But we must spend time and investments in the development of digital skills, we must think through these issues (we did that by changing the regimes of banking licenses). We had a sub-group of our Industrial and Competitiveness Council which was on technology. We were able to think through how to license FinTechs, that was how we have what we have today. It is not rocket science, thinking of how to make progress and change policy, thinking of how to make sure that policy is way ahead of development. These developments are taking place every day.
We must develop appropriate policies and regulations that promote rather than inhibit innovation and commerce. We must think of how to promote commerce, not how to regulate it to a point where it frustrates businesses.
We can be world leaders in the Web 3 revolution. Our only limit is our vision.
This annual summit is a testimony to the joint commitment of the government and the private sector to the rapid and value-driven development of Nigeria. I commend the Foresight Group and the numerous local and foreign partners who have sustained this partnership by putting together this Summit and driving conversations on how best to shift the country and its systems into the next phase of digital evolution.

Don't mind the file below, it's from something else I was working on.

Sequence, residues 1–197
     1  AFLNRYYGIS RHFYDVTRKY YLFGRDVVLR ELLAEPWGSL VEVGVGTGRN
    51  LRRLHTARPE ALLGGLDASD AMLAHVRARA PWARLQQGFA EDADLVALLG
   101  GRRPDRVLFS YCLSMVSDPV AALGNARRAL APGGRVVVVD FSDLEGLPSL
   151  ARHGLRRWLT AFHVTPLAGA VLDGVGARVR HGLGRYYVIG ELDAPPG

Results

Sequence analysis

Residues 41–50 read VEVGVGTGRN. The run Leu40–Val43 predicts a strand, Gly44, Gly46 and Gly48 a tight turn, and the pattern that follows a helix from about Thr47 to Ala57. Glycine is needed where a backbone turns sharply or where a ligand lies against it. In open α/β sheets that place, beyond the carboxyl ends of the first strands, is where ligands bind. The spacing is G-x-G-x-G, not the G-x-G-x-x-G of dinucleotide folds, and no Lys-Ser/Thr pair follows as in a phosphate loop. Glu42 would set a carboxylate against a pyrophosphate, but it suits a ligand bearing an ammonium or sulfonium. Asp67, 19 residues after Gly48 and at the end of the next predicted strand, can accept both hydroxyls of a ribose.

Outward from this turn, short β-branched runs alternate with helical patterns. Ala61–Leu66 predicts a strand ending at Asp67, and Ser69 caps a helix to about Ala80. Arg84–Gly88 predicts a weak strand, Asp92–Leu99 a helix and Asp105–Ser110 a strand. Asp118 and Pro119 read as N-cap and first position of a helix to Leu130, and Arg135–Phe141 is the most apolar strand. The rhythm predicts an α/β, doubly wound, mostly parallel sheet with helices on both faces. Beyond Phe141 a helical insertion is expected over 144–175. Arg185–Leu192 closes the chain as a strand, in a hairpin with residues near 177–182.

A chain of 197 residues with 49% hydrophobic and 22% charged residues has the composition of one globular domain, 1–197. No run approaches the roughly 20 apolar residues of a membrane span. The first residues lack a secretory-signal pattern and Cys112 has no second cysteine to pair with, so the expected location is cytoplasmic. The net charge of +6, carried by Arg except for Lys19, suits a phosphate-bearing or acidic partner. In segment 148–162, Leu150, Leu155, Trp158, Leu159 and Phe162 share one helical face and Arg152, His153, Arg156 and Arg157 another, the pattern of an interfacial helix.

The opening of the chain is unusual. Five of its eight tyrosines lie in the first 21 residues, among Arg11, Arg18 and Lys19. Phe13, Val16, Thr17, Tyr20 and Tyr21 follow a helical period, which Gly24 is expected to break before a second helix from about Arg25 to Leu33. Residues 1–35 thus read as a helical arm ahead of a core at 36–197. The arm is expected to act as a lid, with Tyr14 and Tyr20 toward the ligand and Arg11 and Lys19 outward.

The outcomes of past summits have contributed positively to an improved-policy environment and better governance in the areas of innovation and investment over the years. Amongst other things, the NDES has over the years, helped to foster better understanding between the public and private sectors on the realities and opportunities for Nigeria, and realities and opportunities for the future.
I think that we must work at this summit and do a few more in-between summits, a few more thinking through innovation sessions, we shouldn’t wait for one summit to the other, small groups can think through so many things.
Thank you very much for making the time to attend this summit and also because you are part of the future of our country in the digital space.
Thank you very much, God bless you.